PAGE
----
2018, Lahore, Pakistan. Junaid Khan performs in the music video for ‘Pakistan Zindabad.’

Speaking to their talent, the energy these bands brought extended even past their own country. Junaid Khan of Call, remembering a show in Oslo, says “There was a diverse crowd listening to Pakistani rock; we did a couple of English covers as well. At times I thought that they probably don’t care what I was saying because our songs were in Urdu, but they loved the vibes, they loved the energy. Even the lighting guys in that show came up to us afterward, and they told me, ‘Wow, we did not understand what you guys were saying; we weren’t getting the lyrics, but we were so immersed in the vibe that we loved doing sound and stage with you'”.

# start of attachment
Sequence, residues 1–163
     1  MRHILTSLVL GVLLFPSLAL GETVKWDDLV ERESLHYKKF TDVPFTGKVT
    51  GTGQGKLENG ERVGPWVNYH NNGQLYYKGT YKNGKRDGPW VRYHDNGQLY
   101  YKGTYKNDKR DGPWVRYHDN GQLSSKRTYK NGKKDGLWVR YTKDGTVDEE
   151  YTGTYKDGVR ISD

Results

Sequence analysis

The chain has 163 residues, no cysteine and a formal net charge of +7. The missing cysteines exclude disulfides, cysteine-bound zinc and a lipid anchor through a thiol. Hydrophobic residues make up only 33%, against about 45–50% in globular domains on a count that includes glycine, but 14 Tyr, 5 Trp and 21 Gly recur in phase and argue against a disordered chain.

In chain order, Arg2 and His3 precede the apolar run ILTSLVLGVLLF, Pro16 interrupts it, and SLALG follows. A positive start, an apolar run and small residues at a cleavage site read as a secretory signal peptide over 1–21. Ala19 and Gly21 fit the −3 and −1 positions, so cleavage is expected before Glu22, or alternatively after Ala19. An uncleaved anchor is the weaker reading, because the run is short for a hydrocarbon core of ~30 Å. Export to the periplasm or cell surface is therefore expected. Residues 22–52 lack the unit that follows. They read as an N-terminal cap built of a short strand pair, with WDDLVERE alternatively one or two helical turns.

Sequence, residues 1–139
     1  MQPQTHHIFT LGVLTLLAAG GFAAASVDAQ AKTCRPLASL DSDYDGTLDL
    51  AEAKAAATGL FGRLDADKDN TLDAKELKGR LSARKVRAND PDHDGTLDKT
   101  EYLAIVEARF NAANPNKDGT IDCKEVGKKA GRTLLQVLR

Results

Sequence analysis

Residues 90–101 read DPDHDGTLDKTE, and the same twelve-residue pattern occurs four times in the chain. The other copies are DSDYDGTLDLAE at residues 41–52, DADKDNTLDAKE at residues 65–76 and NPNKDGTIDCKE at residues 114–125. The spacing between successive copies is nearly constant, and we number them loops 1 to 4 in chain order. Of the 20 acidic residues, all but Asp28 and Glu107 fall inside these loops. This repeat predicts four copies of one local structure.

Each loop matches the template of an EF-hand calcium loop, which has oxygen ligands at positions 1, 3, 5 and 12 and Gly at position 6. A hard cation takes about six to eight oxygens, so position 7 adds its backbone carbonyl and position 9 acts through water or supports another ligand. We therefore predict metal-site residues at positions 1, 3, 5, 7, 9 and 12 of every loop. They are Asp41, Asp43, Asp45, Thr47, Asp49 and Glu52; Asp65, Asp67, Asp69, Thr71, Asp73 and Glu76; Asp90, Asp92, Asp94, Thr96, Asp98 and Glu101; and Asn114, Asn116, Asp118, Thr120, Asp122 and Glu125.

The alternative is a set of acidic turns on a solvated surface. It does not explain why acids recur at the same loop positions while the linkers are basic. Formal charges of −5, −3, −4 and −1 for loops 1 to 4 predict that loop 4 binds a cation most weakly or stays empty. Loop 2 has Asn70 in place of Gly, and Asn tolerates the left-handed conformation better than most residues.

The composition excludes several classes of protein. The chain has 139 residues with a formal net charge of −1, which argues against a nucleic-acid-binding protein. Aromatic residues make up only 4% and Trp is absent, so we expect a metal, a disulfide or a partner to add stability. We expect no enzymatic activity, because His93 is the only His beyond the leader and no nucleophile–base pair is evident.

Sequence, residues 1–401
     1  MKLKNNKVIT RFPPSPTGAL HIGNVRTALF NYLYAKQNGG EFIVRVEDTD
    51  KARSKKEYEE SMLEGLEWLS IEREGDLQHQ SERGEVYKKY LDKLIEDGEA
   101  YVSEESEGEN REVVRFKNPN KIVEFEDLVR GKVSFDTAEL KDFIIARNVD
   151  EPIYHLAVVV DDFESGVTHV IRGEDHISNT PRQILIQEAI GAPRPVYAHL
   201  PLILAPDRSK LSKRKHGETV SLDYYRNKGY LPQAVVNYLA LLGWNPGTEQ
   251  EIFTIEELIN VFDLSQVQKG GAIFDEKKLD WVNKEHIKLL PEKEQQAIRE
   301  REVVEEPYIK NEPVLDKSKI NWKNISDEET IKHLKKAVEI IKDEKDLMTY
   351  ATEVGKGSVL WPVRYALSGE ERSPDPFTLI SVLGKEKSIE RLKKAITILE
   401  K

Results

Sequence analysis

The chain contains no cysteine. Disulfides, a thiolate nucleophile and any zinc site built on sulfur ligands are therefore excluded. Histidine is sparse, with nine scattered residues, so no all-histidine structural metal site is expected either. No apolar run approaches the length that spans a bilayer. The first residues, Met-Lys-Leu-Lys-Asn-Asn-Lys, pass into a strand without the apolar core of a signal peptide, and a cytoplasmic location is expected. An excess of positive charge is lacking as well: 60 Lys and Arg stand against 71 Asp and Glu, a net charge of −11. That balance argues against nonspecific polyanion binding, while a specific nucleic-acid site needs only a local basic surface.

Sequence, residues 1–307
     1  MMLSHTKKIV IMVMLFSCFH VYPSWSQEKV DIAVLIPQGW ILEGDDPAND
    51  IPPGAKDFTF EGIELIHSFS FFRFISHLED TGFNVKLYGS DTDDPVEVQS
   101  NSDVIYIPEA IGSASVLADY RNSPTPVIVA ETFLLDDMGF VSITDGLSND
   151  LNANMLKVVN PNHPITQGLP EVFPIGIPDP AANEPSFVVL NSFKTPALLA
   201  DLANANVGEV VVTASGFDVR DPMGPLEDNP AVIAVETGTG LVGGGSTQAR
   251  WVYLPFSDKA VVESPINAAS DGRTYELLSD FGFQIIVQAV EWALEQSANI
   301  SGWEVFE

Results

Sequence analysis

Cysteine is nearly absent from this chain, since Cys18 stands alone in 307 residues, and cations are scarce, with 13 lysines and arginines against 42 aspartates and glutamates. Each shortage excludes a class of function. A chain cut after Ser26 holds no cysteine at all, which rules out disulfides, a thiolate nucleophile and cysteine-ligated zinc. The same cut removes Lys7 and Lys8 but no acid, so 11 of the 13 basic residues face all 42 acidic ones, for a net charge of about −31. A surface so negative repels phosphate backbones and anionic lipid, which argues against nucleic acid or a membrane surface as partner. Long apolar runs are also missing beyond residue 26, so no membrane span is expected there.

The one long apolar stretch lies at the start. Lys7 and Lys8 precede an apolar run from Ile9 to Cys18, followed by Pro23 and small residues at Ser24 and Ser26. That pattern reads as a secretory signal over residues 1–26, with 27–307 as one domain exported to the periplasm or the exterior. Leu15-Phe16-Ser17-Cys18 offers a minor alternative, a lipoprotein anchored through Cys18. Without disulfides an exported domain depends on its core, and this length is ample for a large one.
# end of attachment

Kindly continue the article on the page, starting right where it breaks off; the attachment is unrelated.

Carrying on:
Although these artists are now remembered as behemoths of rock, they are still dedicated fanboys to foundational bands, both local and Western. Junaid Khan, recalling some of his pre-fame memories with me, said “I grew up listening to Junaid Jamshed, Awaz, and Junoon when they performed at Al-Hamra Open Air Theater. I was a fanboy! I used to go crazy going to their concerts, and when I performed there for the first time, the feeling was ecstatic. I was like, ‘Wow, this was a venue where I was seated right there in those back rows, and now I’m performing'”. Junaid has fond memories of Junoon in particular, saying “I think Junoon was one of the reasons that I started, why I wanted to be on stage. Seeing them perform live, the energy, the magic, the music, I just wanted to be them… [eventually] performing with Junoon, with Ali Azmat was the best feeling”.